Transnational Nonviolent Empowerment

Presented as my senior honors thesis for peace and conflict studies, Swarthmore College, May 2005.

This study investigates the emerging field of third-party nonviolent intervention, in which activists who are not involved in a particular conflict enter into that conflict to support and empower local individuals and movements in struggles for social change, justice and democracy. Utilizing theoretical developments in the nature of power, the structure of social movements and the role of advocacy, interventionists have the potential to aid indigenous social movements in achieving their aims without dictating to them the paths the movement should take. This is only possible if interventionists commit to an explicit and unequivocal training in their own rank and privilege, learning ways to employ that rank without reinforcing hegemonic oppression and structural racism.

Abstract

I argue that a variety of techniques are available in different situations, but that interventionists must specifically strategize about their ideological role in the context of local movements. The question of how close they wish to align themselves to principles of solidarity, movements for democracy or even individual struggles will have a significant impact on the types of techniques available and the methods and effectiveness of their deployment.

Ultimately third-party intervention could mark a break from a hierarchical, didactic and oppressive history of intervention to a new epoch of solidarity and empowerment. This can only be accomplished, however, through ongoing reflection and analysis, a praxis combining on-the-ground implementation of training techniques and intervention, and continual and critical scrutiny with the input of the individuals and movements for whom this approach is intended to benefit.

Downloading a Copy

You can download the entire thesis (1.8 MB) in PDF format. You can also download the chapters individually in PDF format below. Soon I'll put up the full table of contents and bibliography on this page.

Summary of Chapter Topics

Front Matter: Title page; table of contents; preface.

Chapter 1: An introduction to third-party nonviolent intervention; Peace Brigades International, Christian Peacemaker Teams, Nonviolent Peaceforce, the International Solidarity Movement and Training for Change; a personal background; outline of the study.

Chapter 2: Theories of power; power as solidarity; relational power and power in collectivity; mobilization theory, political opportunity theory and repertoires of resistance; strategic intervention.

Chapter 3: Prior examples of intervention; transnational labor organizing; racism and progressive organizing; racism and nonviolent intervention; humanitarian intervention; the role of communications media; nationalism and identity.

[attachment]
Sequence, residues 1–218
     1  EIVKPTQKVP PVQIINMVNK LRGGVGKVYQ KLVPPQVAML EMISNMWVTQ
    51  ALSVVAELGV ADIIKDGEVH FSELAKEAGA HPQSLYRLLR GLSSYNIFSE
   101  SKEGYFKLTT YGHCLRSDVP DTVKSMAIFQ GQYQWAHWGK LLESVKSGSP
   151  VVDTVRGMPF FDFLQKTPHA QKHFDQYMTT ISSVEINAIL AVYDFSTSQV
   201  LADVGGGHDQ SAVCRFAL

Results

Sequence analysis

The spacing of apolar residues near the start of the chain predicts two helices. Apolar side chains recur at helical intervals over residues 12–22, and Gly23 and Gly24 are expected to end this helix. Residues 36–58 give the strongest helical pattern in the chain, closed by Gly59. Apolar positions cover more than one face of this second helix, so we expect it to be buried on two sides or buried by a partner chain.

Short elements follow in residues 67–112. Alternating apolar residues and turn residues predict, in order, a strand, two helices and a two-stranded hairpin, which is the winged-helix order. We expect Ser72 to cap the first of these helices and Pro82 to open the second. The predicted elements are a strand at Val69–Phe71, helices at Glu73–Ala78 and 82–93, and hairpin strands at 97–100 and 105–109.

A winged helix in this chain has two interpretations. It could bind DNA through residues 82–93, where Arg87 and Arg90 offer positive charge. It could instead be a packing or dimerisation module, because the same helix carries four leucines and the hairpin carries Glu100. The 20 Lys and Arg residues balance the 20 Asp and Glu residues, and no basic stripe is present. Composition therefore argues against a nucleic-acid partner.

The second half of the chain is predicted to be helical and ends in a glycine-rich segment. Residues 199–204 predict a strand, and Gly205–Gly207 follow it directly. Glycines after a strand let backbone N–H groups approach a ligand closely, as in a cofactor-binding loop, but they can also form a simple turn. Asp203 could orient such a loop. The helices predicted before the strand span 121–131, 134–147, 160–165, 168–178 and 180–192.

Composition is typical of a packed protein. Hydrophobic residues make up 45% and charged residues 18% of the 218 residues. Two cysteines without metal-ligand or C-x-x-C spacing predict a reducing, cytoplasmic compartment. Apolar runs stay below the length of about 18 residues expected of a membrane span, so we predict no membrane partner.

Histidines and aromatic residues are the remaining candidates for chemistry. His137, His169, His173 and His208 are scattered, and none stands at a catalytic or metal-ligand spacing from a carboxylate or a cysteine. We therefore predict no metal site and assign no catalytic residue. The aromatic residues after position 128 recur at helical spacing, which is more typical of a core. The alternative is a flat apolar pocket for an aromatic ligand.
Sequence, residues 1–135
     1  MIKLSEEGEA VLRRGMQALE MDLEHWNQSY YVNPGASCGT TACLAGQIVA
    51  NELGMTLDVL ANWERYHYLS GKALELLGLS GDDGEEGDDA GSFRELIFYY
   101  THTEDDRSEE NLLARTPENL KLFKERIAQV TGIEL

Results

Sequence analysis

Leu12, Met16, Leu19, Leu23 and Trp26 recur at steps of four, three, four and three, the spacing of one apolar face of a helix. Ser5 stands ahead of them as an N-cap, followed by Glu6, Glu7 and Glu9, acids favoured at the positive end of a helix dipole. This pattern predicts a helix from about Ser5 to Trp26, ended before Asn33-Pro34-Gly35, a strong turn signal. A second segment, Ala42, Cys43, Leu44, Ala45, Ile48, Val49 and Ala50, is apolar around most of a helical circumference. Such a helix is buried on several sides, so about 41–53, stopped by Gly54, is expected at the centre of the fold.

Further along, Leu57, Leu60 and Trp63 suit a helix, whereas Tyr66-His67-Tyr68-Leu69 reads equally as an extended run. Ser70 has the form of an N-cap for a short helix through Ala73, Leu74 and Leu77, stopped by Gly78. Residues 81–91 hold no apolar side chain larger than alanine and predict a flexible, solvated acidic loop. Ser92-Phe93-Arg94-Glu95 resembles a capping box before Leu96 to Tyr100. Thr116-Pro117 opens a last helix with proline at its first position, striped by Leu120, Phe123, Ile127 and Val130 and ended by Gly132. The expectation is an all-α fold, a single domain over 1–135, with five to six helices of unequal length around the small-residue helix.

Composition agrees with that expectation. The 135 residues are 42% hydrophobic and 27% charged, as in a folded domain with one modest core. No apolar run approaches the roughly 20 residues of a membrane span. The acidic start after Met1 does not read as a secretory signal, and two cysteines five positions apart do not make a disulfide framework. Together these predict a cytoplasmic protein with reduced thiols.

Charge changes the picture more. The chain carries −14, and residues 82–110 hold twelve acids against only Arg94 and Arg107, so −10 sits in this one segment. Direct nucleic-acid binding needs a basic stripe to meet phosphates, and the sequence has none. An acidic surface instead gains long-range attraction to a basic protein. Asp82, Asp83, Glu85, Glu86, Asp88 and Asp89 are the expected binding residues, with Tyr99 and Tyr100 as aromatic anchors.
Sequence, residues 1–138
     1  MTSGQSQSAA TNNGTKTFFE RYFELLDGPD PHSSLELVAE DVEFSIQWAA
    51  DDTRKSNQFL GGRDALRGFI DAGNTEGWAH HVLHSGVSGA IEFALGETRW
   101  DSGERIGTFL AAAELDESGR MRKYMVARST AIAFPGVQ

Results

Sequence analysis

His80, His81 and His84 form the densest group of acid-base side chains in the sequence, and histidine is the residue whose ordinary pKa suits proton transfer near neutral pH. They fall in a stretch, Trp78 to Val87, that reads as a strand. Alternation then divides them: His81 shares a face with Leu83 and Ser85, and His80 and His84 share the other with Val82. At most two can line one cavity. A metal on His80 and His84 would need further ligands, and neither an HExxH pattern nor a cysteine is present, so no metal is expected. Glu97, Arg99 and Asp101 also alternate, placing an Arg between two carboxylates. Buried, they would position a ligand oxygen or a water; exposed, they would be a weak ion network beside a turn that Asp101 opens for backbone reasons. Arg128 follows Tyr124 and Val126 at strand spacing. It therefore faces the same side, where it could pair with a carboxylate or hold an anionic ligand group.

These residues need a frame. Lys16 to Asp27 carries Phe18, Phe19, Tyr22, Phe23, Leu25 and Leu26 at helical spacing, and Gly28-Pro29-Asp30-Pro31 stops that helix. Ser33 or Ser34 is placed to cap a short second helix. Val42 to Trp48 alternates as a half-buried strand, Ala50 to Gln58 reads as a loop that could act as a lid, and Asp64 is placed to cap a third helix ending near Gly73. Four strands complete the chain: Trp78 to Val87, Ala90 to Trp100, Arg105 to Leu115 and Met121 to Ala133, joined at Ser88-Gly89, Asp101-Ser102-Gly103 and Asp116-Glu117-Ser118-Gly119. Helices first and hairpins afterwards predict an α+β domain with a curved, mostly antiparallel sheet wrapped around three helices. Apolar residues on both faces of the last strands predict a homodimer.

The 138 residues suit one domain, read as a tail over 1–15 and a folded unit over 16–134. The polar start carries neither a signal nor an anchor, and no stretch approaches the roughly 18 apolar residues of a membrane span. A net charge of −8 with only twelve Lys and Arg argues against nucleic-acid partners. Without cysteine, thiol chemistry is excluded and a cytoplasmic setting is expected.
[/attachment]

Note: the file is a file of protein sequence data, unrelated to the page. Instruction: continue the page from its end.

Chapter 4: Changes in the international political order; the dominance of neoliberalism; a cultural approach to change; symbolic resistance and radical action; expanding the space for resistance; tactical methods of intervention; education and training of intervention teams; the decision-making process.

Chapter 5: The role of privilege in intervention; the role of sovereignty and international law in intervention; the implications of neoliberalism for strategy, publicity and cultural work; the use of local and transnational networks; the structure of intervention teams; highlighting efforts of empowerment.

Chapter 6: Measuring different levels of intervention; relationships between intervention, humanitarian work and direct action; the transparency of operations; debating the reliance on military pressure; the difference between principles, structures and practices.

Chapter 7: Conclusions; cultural work; empowerment.

Epilogue: Intervention in the contexts of the Ukraine and Darfur, Sudan.

Bibliography

Caveats and Entreaties

This was prepared for an academic audience with a significant background in sociological theory. Some of the chapters may therefore read as pretty dense. In addition, this thesis does not attempt to chronicle the history of intervention itself, only different interpretations of its implementation and strategy. In the future I would like to prepare a version more suited to general consumption, which would be lighter on the theory and centered more on the hundreds of incredible stories coming out of this field. Soon I will put up a list of links to other information about this kind of work, as well as an HTML version of the bibliography.

With that said, I would very much appreciate comments on this work. Please contact me or, better yet, leave a comment at the bottom of this entry.

Copyrights

The text and images in the thesis, like all content on this website, is released under a Creative Commons license. You may freely reproduce it for noncommercial work. Please attribute original authors (myself or those quoted in the text) and cite this website as the source.